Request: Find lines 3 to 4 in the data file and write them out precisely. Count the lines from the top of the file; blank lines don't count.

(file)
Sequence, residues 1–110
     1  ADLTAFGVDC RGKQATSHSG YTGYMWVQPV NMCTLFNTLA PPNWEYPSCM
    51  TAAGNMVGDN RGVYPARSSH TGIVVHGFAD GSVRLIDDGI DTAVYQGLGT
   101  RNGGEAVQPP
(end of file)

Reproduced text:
    51  TAAGNMVGDN RGVYPARSSH TGIVVHGFAD GSVRLIDDGI DTAVYQGLGT
   101  RNGGEAVQPP